Acosta, S. A., Tajiri, N., de la Pena, I., Bastawrous, M., Sanberg, P. R., Kaneko, Y., et al. (2015). Alpha-synuclein as a pathological link between chronic traumatic brain injury and Parkinson's disease. J. Cell. Physiol. 230, 1024–1032. doi: 10.1002/jcp.24830

PubMed Abstract | CrossRef Full Text | Google Scholar

Acosta, S. A., Tajiri, N., Shinozuka, K., Ishikawa, H., Grimmig, B., Diamond, D. M., et al. (2013). Long-term upregulation of inflammation and suppression of cell proliferation in the brain of adult rats exposed to traumatic brain injury using the controlled cortical impact model. PLoS ONE 8:e53376. doi: 10.1371/journal.pone.0053376

PubMed Abstract | CrossRef Full Text | Google Scholar

Baldwin, A. S. Jr. (1996). The NF-kappa B and I kappa B proteins: new discoveries and insights. Annu. Rev. Immunol. 14, 649–683. doi: 10.1146/annurev.immunol.14.1.649

PubMed Abstract | CrossRef Full Text | Google Scholar

Baquet, Z. C., Bickford, P. C., and Jones, K. R. (2005). Brain-derived neurotrophic factor is required for the establishment of the proper number of dopaminergic neurons in the substantia nigra pars compacta. J. Neurosci. 25, 6251–6259. doi: 10.1523/JNEUROSCI.4601-04.2005

PubMed Abstract | CrossRef Full Text | Google Scholar

Barnes, C. A. (1979). Memory deficits associated with senescence: a neurophysiological and behavioral study in the rat. J. Comp. Physiol. Psychol. 93, 74–104. doi: 10.1037/h0077579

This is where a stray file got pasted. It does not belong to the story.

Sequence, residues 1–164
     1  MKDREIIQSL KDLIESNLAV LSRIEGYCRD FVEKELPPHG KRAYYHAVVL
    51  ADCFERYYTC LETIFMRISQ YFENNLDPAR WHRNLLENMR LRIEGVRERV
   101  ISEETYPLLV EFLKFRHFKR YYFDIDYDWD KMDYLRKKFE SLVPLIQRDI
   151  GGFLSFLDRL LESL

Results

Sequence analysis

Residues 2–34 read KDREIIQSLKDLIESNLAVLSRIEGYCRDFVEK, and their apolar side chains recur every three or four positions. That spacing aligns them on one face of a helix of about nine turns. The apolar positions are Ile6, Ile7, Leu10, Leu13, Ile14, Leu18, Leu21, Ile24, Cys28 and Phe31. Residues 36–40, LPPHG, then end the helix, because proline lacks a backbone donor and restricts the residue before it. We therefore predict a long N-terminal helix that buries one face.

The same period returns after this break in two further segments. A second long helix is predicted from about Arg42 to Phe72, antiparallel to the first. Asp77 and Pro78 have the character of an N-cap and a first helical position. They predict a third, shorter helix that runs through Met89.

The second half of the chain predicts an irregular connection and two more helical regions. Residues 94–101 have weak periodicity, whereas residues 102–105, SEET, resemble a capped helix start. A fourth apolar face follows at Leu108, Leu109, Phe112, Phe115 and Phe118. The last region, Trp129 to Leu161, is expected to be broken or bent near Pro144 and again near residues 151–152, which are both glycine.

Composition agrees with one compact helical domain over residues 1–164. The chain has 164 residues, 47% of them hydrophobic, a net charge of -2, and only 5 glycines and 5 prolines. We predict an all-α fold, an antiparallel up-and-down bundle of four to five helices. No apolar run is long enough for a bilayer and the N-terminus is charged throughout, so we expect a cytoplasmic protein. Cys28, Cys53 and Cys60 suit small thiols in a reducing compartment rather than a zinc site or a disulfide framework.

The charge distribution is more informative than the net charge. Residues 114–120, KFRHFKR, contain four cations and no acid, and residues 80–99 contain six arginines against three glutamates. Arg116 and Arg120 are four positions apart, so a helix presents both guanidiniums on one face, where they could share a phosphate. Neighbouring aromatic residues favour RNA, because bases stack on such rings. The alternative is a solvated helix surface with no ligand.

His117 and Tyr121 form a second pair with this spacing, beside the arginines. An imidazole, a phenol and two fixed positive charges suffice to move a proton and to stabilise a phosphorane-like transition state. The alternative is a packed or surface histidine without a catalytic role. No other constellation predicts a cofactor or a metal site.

PubMed Abstract | CrossRef Full Text | Google Scholar

Bonito-Oliva, A., Masini, D., and Fisone, G. (2014). A mouse model of non-motor symptoms in Parkinson's disease: focus on pharmacological interventions targeting affective dysfunctions. Front. Behav. Neurosci. 8:290. doi: 10.3389/fnbeh.2014.00290

PubMed Abstract | CrossRef Full Text | Google Scholar

Bourque, M. J., and Trudeau, L. E. (2000). GDNF enhances the synaptic efficacy of dopaminergic neurons in culture. Eur. J. Neurosci. 12, 3172–3180. doi: 10.1046/j.1460-9568.2000.00219.x

PubMed Abstract | CrossRef Full Text | Google Scholar

Bower, J. H., Maraganore, D. M., Peterson, B. J., McDonnell, S. K., Ahlskog, J. E., and Rocca, W. A. (2003). Head trauma preceding PD: a case-control study. Neurology 60, 1610–1615. doi: 10.1212/01.WNL.0000068008.78394.2C

PubMed Abstract | CrossRef Full Text | Google Scholar

Bramlett, H. M., and Dietrich, W. D. (2007). Progressive damage after brain and spinal cord injury: pathomechanisms and treatment strategies. Prog. Brain Res. 161, 125–141. doi: 10.1016/S0079-6123(06)61009-1

PubMed Abstract | CrossRef Full Text | Google Scholar

Brandt, I., Gérard, M., Sergeant, K., Devreese, B., Baekelandt, V., Augustyns, K., et al. (2008). Prolyl oligopeptidase stimulates the aggregation of alpha-synuclein. Peptides 29, 1472–1478. doi: 10.1016/j.peptides.2008.05.005

PubMed Abstract | CrossRef Full Text | Google Scholar

Burke, R. E., Antonelli, M., and Sulzer, D. (1998). Glial cell line-derived neurotrophic growth factor inhibits apoptotic death of postnatal substantia nigra dopamine neurons in primary culture. J. Neurochem. 71, 517–525. doi: 10.1046/j.1471-4159.1998.71020517.x

PubMed Abstract | CrossRef Full Text | Google Scholar

Campolo, M., Esposito, E., Ahmad, A., Di Paola, R., Paterniti, I., Cordaro, M., et al. (2014). Hydrogen sulfide-releasing cyclooxygenase inhibitor ATB-346 enhances motor function and reduces cortical lesion volume following traumatic brain injury in mice. J. Neuroinflammation 11:196. doi: 10.1186/s12974-014-0196-1

PubMed Abstract | CrossRef Full Text | Google Scholar

Dauer, W., and Przedborski, S. (2003). Parkinson's disease: mechanisms and models. Neuron 39, 889–909. doi: 10.1016/S0896-6273(03)00568-3